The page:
It was September 2014 and I had been feeling ropey for a little while. “Chest infection” said a GP. “Stress because of the death of a very close friend” was another suggestion. “Adverse reaction to antibiotics” was a third alternative as I became sicker and was unable to keep food down.
Eventually on Wednesday 24th September I had a scan and two hours later I was admitted to hospital. Less than a day after that, I had an emergency operation to remove a substantial blockage in my large intestine. The plan was to join the two ends of what remained and all seemed to be going well, as by the Friday I was taking slow walks around the ward. By Saturday the repair had torn, I had severe peritonitis and after a second emergency operation my wife was told that I probably would not survive the night and that she should get our two sons to join her.
After five days in intensive care and five weeks in hospital I defied the odds and went home. I had lost over four and a half stone, was very weak and had an ileostomy which I had never heard of (colostomy yes) and hadn’t expected. I felt that life as we knew it had come to an end. No more travel (we had taken early retirement to do just that), no more rich food and drink, no more rough and tumble with the granddaughters, no more visits to my beloved Twickenham for rugby internationals – in other words no more of all the things I really enjoyed; instead, just an interminable round of bag emptying, bag changing and leakages.
How wrong could I be? The stoma nurses were great in helping to sort out leaking bags. My wife, Jo, was just fantastic in making me feel loved, wanted and normal. Her patience and understanding were invaluable. Family and friends were wonderfully supportive and I gradually grew stronger.
Three months later we went away for a few days to the Cotswolds and I survived, even though my wound had not fully healed and was being dressed every other day. Christmas was spent with one of my sons and then in February a corner was turned.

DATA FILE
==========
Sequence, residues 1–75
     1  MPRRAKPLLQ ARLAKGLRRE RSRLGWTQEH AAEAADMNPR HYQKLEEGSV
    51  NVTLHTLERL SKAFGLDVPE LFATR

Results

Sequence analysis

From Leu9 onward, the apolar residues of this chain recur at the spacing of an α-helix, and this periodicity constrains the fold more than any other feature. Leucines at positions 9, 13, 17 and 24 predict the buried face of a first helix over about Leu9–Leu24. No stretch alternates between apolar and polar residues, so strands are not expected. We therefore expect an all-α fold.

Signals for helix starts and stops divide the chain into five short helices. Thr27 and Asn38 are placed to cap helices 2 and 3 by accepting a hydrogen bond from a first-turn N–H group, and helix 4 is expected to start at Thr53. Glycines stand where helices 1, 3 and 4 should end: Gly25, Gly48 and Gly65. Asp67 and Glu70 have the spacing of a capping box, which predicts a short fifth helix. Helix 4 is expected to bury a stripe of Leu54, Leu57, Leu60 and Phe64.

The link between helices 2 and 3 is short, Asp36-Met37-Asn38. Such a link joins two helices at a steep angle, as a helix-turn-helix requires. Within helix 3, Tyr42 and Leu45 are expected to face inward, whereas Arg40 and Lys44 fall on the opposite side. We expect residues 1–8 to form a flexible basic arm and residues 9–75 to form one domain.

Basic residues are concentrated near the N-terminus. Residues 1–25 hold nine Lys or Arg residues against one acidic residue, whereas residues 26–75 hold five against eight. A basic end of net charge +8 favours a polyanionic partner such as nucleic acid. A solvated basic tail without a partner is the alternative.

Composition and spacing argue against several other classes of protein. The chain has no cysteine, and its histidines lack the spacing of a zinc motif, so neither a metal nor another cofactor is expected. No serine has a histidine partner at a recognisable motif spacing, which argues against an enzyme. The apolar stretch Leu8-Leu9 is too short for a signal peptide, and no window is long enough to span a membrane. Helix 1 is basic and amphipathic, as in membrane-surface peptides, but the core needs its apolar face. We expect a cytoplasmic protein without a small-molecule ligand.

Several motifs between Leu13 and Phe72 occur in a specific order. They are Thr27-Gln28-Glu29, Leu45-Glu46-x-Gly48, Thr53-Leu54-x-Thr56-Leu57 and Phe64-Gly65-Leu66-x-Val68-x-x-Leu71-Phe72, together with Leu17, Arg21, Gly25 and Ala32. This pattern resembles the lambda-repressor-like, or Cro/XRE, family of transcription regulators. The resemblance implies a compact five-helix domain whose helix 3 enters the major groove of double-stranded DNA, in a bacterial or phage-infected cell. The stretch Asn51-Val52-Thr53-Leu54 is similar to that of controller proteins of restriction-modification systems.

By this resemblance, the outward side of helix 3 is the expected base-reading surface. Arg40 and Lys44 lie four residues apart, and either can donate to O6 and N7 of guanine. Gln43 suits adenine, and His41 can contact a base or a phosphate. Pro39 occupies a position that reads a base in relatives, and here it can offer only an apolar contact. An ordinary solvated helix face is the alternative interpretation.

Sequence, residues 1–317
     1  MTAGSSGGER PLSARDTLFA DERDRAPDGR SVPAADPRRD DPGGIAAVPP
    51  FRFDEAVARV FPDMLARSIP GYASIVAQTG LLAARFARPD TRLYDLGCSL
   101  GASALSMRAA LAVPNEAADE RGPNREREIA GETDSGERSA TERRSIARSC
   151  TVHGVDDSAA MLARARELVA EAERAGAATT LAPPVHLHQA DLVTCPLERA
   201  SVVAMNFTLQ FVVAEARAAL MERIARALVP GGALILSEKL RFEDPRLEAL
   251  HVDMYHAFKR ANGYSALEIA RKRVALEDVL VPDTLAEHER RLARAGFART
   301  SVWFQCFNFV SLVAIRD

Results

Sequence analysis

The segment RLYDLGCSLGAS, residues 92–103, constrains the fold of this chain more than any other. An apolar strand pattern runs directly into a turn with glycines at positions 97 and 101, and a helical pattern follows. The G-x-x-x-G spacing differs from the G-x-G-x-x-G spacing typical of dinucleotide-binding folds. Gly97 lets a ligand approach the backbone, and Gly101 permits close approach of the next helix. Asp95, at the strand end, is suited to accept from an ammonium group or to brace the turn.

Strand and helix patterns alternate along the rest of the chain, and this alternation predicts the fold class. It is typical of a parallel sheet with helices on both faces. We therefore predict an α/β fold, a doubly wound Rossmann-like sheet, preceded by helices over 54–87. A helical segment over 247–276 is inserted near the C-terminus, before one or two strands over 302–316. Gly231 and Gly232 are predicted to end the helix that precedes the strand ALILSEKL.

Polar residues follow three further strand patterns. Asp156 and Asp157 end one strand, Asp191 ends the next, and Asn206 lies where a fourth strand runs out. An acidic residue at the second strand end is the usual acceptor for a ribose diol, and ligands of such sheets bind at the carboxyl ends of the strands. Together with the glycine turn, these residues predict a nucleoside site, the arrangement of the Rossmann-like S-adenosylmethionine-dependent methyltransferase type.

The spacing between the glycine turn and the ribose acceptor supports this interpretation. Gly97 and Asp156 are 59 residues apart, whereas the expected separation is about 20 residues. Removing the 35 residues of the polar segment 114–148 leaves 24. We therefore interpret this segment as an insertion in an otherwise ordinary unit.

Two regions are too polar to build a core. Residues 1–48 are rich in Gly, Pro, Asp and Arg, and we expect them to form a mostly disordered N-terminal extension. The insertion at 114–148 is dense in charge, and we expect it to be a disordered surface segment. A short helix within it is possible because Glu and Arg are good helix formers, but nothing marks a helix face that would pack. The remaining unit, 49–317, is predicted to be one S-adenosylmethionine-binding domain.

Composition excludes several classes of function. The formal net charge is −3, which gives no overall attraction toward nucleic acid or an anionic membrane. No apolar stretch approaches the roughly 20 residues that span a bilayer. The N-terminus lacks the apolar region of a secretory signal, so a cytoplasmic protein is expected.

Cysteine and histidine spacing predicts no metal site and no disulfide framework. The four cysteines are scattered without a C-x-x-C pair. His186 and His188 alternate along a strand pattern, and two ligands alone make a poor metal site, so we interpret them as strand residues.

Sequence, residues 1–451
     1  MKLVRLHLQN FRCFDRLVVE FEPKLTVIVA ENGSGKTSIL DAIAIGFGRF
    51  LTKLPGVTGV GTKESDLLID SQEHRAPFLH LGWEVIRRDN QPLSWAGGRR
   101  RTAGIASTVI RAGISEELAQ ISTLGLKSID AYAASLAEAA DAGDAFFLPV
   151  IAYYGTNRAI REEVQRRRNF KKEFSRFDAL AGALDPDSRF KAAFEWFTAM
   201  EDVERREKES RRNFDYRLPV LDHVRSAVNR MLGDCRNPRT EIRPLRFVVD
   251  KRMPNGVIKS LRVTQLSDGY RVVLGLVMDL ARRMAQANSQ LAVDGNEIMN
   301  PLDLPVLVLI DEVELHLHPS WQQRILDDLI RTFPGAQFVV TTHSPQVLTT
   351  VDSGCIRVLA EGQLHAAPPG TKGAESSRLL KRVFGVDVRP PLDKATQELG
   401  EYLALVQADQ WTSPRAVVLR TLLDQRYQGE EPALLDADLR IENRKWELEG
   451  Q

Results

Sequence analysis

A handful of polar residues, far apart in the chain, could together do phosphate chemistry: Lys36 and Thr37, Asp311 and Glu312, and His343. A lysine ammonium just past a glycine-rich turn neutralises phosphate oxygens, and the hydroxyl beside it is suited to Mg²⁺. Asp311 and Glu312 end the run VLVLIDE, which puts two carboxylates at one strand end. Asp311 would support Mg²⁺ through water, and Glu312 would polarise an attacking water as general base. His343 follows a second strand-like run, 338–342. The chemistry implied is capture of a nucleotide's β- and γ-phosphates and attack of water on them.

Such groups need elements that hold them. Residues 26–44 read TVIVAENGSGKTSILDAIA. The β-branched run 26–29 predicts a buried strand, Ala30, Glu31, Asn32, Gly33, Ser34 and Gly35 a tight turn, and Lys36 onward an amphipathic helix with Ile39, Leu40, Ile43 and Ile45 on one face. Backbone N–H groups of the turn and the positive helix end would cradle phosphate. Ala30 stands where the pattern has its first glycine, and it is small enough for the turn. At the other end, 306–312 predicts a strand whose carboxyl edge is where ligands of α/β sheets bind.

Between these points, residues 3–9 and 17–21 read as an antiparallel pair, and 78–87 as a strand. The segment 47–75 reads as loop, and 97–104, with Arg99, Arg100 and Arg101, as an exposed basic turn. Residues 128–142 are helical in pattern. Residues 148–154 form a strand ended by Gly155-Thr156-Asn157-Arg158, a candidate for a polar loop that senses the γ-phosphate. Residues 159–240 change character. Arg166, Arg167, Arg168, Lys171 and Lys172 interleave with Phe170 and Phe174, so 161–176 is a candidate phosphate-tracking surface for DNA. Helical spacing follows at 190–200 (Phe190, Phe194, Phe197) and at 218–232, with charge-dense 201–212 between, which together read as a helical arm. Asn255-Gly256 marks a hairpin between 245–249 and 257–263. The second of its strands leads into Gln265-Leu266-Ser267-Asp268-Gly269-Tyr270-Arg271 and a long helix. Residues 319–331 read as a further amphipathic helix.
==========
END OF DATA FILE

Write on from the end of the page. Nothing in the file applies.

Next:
My wound healed and life started improving. With a nervous son and brother to watch over me I went to Twickenham to see England vs Italy, thoroughly enjoyed it and drank a few beers! Two more visits to Twickenham followed and a visit to Wembley to see Bristol City play. We went to Center Parcs and I cycled round the park with Sophie my granddaughter and even went down the flume with her (my son couldn’t bear to look!). We started travelling again; Lanzarote for 10 days in May and then Canada and Alaska in June, a belated 60th birthday treat for my darling wife. And my appetite has returned!
I think I have been lucky. Care in the hospital was very good, I didn’t need chemotherapy and my first six month scan came back all clear. Life has returned to near normal and whilst there are occasional accidents with the bag, they are few and far between and we cope with them without the dramas of the early days. Bag emptying and bag changing are simply parts of the usual routine. With a little thought and preparation there is very little I can’t do. We have joined the local support group, Stevenage Ostomistics, and it is supportive to meet other people in the same situation at our monthly meetings or at the pub for our petanque sessions. The bag is just a bit of a nuisance. I sometimes call my stoma: “that bloody thing”. My wife more accurately calls it: “our life saver”. She is right and life is just great again.